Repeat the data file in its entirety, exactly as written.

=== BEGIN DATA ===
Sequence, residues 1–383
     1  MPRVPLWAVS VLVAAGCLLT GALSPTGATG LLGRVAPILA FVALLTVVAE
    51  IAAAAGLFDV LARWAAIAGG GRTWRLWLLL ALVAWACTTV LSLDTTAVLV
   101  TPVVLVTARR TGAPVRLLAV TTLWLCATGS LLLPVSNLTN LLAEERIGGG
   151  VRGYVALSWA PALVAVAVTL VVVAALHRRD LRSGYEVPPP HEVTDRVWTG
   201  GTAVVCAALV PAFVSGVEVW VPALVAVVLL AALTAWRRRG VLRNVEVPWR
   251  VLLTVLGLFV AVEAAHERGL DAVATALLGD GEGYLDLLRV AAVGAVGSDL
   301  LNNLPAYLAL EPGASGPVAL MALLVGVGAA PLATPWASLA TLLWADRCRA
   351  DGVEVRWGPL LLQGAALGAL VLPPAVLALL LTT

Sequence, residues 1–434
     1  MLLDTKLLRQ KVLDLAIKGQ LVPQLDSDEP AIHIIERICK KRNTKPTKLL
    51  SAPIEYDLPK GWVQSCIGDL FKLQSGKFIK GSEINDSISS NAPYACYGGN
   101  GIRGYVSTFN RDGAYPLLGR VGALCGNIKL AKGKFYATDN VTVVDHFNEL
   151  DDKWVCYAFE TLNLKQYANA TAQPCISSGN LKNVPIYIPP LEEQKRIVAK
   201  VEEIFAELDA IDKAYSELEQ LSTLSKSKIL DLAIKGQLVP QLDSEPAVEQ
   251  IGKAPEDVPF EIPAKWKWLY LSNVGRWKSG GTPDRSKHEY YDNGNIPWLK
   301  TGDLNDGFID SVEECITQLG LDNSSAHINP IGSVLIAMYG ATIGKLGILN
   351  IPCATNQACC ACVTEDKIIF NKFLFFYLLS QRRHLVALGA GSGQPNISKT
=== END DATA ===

Sequence, residues 1–383
     1  MPRVPLWAVS VLVAAGCLLT GALSPTGATG LLGRVAPILA FVALLTVVAE
    51  IAAAAGLFDV LARWAAIAGG GRTWRLWLLL ALVAWACTTV LSLDTTAVLV
   101  TPVVLVTARR TGAPVRLLAV TTLWLCATGS LLLPVSNLTN LLAEERIGGG
   151  VRGYVALSWA PALVAVAVTL VVVAALHRRD LRSGYEVPPP HEVTDRVWTG
   201  GTAVVCAALV PAFVSGVEVW VPALVAVVLL AALTAWRRRG VLRNVEVPWR
   251  VLLTVLGLFV AVEAAHERGL DAVATALLGD GEGYLDLLRV AAVGAVGSDL
   301  LNNLPAYLAL EPGASGPVAL MALLVGVGAA PLATPWASLA TLLWADRCRA
   351  DGVEVRWGPL LLQGAALGAL VLPPAVLALL LTT

Sequence, residues 1–434
     1  MLLDTKLLRQ KVLDLAIKGQ LVPQLDSDEP AIHIIERICK KRNTKPTKLL
    51  SAPIEYDLPK GWVQSCIGDL FKLQSGKFIK GSEINDSISS NAPYACYGGN
   101  GIRGYVSTFN RDGAYPLLGR VGALCGNIKL AKGKFYATDN VTVVDHFNEL
   151  DDKWVCYAFE TLNLKQYANA TAQPCISSGN LKNVPIYIPP LEEQKRIVAK
   201  VEEIFAELDA IDKAYSELEQ LSTLSKSKIL DLAIKGQLVP QLDSEPAVEQ
   251  IGKAPEDVPF EIPAKWKWLY LSNVGRWKSG GTPDRSKHEY YDNGNIPWLK
   301  TGDLNDGFID SVEECITQLG LDNSSAHINP IGSVLIAMYG ATIGKLGILN
   351  IPCATNQACC ACVTEDKIIF NKFLFFYLLS QRRHLVALGA GSGQPNISKT